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HOUSTON — Among the more than two dozen seats, two were in Texas districts that traditionally were bright red. In suburban Houston, Lizzie Fletcher gave high fives as she thanked her supporters.
“All of you are here because you believe in this campaign,” she said.
After Fletcher defeated nine-term Republican congressman John Culberson, she became the first Democrat to win Texas’ 7th District since the late 60s, when a young politician named George H.W. Bush won the seat.
Fletcher was one of several Democrats that was part of the suburban revolt that helped Democrats take back control of the House. Democrats flipped at least 29 house seats from Oklahoma to Illinois, Virginia and New York.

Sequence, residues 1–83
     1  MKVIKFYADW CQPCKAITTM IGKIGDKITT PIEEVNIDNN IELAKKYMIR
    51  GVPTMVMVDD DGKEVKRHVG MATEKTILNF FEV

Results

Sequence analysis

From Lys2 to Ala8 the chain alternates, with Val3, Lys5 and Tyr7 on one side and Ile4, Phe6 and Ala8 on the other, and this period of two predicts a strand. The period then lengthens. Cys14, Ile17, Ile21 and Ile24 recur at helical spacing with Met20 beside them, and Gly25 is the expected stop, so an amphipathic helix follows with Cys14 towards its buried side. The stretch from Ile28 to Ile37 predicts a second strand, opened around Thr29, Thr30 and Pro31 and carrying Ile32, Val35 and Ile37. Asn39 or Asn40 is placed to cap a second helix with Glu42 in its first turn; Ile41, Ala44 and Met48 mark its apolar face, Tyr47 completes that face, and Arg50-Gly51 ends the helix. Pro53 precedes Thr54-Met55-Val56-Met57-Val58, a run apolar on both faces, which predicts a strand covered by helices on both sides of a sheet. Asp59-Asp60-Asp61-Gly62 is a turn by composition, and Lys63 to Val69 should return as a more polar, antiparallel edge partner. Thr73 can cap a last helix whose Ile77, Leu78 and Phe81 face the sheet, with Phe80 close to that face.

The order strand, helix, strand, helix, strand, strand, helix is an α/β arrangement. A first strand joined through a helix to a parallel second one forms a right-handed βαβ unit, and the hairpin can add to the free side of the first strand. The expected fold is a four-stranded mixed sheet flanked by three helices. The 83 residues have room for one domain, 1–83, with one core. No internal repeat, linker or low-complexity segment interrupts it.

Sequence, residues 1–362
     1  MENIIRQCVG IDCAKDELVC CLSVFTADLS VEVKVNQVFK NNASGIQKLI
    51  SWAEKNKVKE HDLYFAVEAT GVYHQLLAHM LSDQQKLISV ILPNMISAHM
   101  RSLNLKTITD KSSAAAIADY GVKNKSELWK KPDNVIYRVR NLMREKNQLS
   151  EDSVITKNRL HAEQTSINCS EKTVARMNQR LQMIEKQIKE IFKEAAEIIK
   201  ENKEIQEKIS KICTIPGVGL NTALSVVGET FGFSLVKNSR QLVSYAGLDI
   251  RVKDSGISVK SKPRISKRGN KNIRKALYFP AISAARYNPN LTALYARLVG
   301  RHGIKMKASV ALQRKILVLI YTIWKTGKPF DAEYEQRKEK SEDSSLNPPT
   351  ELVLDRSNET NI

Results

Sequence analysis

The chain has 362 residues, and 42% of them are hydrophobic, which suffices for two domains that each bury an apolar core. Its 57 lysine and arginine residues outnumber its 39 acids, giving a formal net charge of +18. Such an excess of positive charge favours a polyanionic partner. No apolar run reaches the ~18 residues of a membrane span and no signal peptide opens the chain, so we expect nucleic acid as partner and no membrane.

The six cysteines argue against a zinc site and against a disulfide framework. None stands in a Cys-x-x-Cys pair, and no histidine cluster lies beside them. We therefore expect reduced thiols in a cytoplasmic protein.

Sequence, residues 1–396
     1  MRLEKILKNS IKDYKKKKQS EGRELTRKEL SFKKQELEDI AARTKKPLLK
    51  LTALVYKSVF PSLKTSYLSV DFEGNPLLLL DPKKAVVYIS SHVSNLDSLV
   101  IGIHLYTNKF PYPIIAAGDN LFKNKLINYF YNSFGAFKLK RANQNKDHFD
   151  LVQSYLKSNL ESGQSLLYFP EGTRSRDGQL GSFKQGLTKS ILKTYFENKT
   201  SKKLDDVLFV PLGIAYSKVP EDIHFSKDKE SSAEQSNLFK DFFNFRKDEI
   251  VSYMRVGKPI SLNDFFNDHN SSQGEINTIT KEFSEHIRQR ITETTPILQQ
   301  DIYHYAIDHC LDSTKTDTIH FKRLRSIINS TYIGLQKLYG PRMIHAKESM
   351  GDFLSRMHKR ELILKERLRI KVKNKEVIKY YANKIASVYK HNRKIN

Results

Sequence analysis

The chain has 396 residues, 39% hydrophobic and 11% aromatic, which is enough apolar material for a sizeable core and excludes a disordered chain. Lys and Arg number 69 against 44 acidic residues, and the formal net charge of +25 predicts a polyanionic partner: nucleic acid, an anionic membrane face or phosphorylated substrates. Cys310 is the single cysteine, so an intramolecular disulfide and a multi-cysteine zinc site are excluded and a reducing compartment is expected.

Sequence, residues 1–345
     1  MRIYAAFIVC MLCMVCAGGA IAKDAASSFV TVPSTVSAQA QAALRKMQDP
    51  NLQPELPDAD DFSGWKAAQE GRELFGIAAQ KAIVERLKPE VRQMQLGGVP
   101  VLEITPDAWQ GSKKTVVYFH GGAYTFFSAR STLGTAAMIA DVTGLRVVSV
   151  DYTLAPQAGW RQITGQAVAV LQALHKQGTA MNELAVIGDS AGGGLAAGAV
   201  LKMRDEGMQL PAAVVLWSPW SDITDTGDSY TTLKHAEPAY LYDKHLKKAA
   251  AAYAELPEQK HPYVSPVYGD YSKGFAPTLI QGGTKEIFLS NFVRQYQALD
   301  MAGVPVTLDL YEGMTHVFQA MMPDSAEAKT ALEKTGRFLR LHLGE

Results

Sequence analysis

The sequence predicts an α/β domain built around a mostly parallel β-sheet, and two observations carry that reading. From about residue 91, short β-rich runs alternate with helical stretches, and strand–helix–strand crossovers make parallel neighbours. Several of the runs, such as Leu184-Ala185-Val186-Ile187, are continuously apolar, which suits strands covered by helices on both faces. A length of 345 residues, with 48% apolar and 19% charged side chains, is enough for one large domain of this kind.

According to CBS News exit polling, suburban women voters swung dramatically in this election. Fifty-three percent of women voted for Democratic candidates in 2018, compared to only 47 percent in 2014.
“Fletcher took advantage of the distaste among many of these Republican voters for Donald,” said Rice University political science professor Mark Jones.
He said another factor was Beto O’Rourke’s appeal and his ability to bring out new voters.
“Beto O’Rourke alone helps explain why we saw 12 Texas House representative seats flip from Republican to Democratic. Two state Senate seats flip, and two congressional seats flip,” he said.
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